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  • We also show that in both

    2024-02-10

    We also show that in both ATM proficient and deficient/mutant 9-Phenanthrol the activation of ATR signaling is DSB complexity-dependent (Figs. 1, 4A, C and E, 6A and B). Wang et al. have also reported that the effects of ATR and CHK1 on radiosensitivity are independent of the NHEJ repair pathway [41], [42]. By monitoring survival following low and high LET radiation, they concluded that the checkpoint response plays a more protective role in HZE particle-irradiated cells than in X ray-irradiated cells [43], which is supported by our data in Fig. 6C and D that compared with X ray exposure, ATR has a bigger contribution that ATM following carbon ion beams. Researchers have revealed from different angles that there is an ATM to ATR switch with distinct DNA structures at resected DSBs [30], [44], [45], [46], [47], [48]. Shiotani and Zou devised an in vitro ATM/ATR activation assay using human cell extracts and defined DNA structures, which pointed out that ATM and ATR are activated by similar yet distinct DNA structures at resected DSBs. Although both ATM and ATR depend on the junctions of single- and double-stranded DNA for activation, they are oppositely regulated by the lengthening of single-stranded overhangs (SSOs). Progressive resection of DSBs directly promotes an ATM to ATR switch in vitro, which happens temporally, spatially, and quantitatively for the regulation of ATM and ATR, thus orchestrating the collective checkpoint response in human cells [49]. Our data confirm this 9-Phenanthrol speculation from the level of ATR activation that complex DNA ends structures and/or clustered DNA damage predominantly produced by heavy ion beams results in massive DSB resection, which finally leads to more efficient activation of ATR signaling. However, further work is needed to explore how ATM and ATR interface in response to the different DNA damage induced by different types of radiation.
    Conflict of interest statement
    Acknowledgments We thank Dr. Bing Wang, Dr. Yasuharu Ninomiya, Dr. Akira Fujimori, Dr. Masao Suzuki, Dr. Hiroshi Fujisawa, Dr. Ayako Kariya and Dr. Huizi Li for technical help. This work was supported by ‘National Natural Science Foundation of China (No. 81102076)’, ‘National Natural Science Foundation of China (No. 11475125)’, ‘Universities Natural Science Foundation of Jiangsu Province (No. BK20131165)’, ‘Priority Academic Program Development of Jiangsu Higher Education Institutions (PAPD)’, ‘Scientific Research Foundation for Returned Scholars, Soochow University (No. Q412600711)’ and JSPS KAKENHI no. 24249067.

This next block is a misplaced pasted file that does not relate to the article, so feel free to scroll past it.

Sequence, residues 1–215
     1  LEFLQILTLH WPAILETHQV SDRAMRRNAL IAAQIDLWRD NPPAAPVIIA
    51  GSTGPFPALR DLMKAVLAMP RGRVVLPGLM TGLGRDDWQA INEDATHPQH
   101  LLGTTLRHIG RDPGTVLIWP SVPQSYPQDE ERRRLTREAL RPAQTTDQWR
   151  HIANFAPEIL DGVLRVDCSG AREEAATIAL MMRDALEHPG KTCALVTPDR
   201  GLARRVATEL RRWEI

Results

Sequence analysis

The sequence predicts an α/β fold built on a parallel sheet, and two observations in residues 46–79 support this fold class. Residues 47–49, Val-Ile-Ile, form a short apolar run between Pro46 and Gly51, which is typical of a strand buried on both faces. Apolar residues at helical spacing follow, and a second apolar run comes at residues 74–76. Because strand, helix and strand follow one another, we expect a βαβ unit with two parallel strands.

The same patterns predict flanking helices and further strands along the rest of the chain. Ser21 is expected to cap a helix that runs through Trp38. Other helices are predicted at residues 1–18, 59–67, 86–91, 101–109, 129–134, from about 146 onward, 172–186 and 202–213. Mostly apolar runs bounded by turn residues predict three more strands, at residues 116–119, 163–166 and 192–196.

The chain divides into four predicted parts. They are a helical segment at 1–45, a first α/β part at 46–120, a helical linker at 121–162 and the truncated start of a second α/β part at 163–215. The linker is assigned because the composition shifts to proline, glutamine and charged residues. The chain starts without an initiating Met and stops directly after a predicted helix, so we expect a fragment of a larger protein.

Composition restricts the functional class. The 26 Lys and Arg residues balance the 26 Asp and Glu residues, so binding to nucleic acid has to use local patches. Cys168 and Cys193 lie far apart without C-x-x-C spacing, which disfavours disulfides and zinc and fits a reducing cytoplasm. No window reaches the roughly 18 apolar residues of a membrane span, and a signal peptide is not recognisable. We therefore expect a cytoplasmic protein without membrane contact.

The ATR kinase was identified as a member of the PI3-kinase family related to both ATM and Rad 3 . These kinases have been extensively reviewed both in this issue and elsewhere . ATM and ATR are both structurally and functionally related with an overlapping list of specific substrates . Of particular relevance to this review is the difference between the stresses that ATM and ATR respond to. ATM is activated by DNA double-strand breaks caused by agents such as ionizing radiation or chemotherapeutic drugs, whilst ATR is activated by stresses that induce a replication-type insult such as hydroxyurea treatment, ultraviolet light and hypoxia. In response to hypoxia, ATR re-localizes to form nuclear foci and has been shown to phosphorylate many of its known downstream target molecules, including Nbs 1, Rad 17, Chk 1, p53 and histone H2AX , . Hypoxia is a broad term used to encompass a range of oxygen tensions that differ from those found in healthy tissues. Regions of hypoxia occur not only in disease states but also during normal development. Mammalian embryos develop for significant periods of time in an almost entirely hypoxic environment before a blood supply becomes established . Within a tumor, the level of oxygen present is determined by the distance of a cell from the nearest blood vessel. As tumor vasculature is inefficiently formed and leaky, hypoxia, to relative degrees, is a common and serious inevitability. Many studies have shown that the less oxygenated a tumor, the worse the prognosis , , . This has been attributed to the need for efficient vasculature to deliver chemotherapeutic drugs and the reliance of radiation therapy on the production of oxygen radicals to produce DNA strand breaks. Hypoxia is also a physiological inducer of the p53 tumor suppressor gene product and can act as a selective pressure during tumor growth for the elimination of cells with wild-type p53 and the clonal expansion of cells with mutant or otherwise inactive p53 protein , . Detailed measurements indicate that the ranges of oxygen concentrations within a tumor are 8% to almost anoxia (0%). This variation in oxygen tension, combined with the numerous cell lines available and the difficulty in making exact oxygen concentration measurements have led to many conflicting reports. Most studies have, however, highlighted the oxygen dependency of the cellular response to hypoxia. In this review we will concentrate on extreme levels of hypoxia (oxygen concentrations of 0.02%). At these low oxygen levels, that are found in human and rodent tumors, cells undergo a rapid and dramatic S-phase or replication arrest. In addition, cells initially seem to arrest in all cell-cycle phases with an accumulation in G1 after extended periods of time . There are many detailed studies describing hypoxia-induced arrest at the G1/S boundary which will not be discussed here except to note that sometimes cells are described as showing an S-phase arrest in response to hypoxia when in actual fact they are only arrested at the G1/S boundary, i.e. they are prevented from entering S-phase . For the purpose of this review we are focused on cells which are actively synthesizing DNA, and then stop synthesizing in response to severe hypoxia/anoxia.